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@142If his powers of observation are so keen, it must mean he drove into Bruno Senna on purpose at the start. Up to now I had assumed it was an error and that he didn't spot poor old Bruno. My point is how did he know for sure it was a legal move with all the 'yellow' around him and, in any event, what was the rush - as it was TR it would have pulled off the circuit and parked if required!!!!
141.F1An F1 drivers awareness is something I dont think us mere mortals can comprehend. Jackie Stewart once said he could be going 180 mph past a packed grandstand & spot someone he knows in the crowd! SV seeing a marshall waving a flag (his position would have been known too) would have been a piece of cake !!!
@133 Even a colourblind hedgehog in a bag could see it.....Really, there are numerous very bright, high intensity panels of flashing lights along the trackside, SV dash display shows he is still in the yellow zone and despite this he was able to spot the lone marshall waiving a green flag (through the spray and rain whilst completing the overtake). He is better than I thought!
When I saw the picture I thought Ruebens had been signed up again!!
Can anyone please tell me something outstanding Bruno Senna has done to deserve his seat in F.1. other than having an emotional surname?
@129, Better to win the title by pointing out someone broke the rules than actually breaking the rules to win it yourself don't you think.If the pass was actually illegal, then why should Red Bull and Vettel get away with it.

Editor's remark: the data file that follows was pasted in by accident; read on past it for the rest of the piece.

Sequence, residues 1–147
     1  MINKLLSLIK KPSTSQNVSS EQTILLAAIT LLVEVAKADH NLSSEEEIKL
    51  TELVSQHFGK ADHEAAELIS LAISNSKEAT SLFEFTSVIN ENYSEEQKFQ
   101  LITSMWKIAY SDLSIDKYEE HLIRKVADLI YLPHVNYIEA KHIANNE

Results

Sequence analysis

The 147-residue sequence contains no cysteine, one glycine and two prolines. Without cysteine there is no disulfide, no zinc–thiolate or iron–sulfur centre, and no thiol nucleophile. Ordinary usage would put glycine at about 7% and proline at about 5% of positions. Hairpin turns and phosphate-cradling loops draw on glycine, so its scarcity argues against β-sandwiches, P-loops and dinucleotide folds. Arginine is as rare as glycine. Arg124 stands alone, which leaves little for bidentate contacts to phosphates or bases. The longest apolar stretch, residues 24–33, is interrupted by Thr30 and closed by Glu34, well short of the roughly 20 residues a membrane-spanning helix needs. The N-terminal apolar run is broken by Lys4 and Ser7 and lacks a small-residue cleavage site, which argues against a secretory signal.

That is a shame for Senna but it was obvious what Williams had planned from almost the start of the season. I just hope Senna gets a proper full drive for the first time. One that isn't handicapped from the outset, which is all he has been given so far from HRT, Lotus and Williams. Sharing practice, sharing races. Even Bottas admitted that having only half a Friday wasn't much good.
Great big shame to see Senna out of a good car. He drove very well this year. Perhaps lacks speed, but makes up for it in racing. Lets see Senna back in F1.
I don't personally see what Bruno Senna has done wrong to justify this exclusion. Hopefully he can bounce back or someone signs him up as he has great potential. Very disappointed in Williams unless his replacement wins the world championship next season.
#131: "1988, there were 18 teams, 6 more than currently. this is what i want to see brought back"Why? Looking at your example, in 1988 5 of 18 teams were single-car entries, 8 of 18 teams scored no points, every race had 5 cars that failed to qualify (grid limited to 26). Plus, of course, one team won 15 of 16 races! In today's economic climate 10 teams seems to be the sustainable size.
And i thought it was only our own press who clutched at straws! clearly this is the doing of the Spanish media and Ferrari responding to the media pressure. I suspect Fernando has nothing to do with this and if asked, in private, i think he would be appalled.The pass was clearly under the green flag. Even a colourblind hedgehog in a bag could see it.
@131I do share your sentiments to some extent. The reality is that it costs so much more these days to start up a team. You are talking at least £100m to get up and running if you want to compete with the ebstablished teams, and another £80m a year to stay there. The reality is that we're only likely to have 22 next year, and that's down to the economic climate.
yes I know that alot of old teams still exist under different names, my point is still that f1 needs more teams competing. the size of the grid needs to be extended to accommodate the number of cars they used to right up until the early 90s. just to pick a random year, 1988, there were 18 teams, 6 more than currently. this is what i want to see brought back
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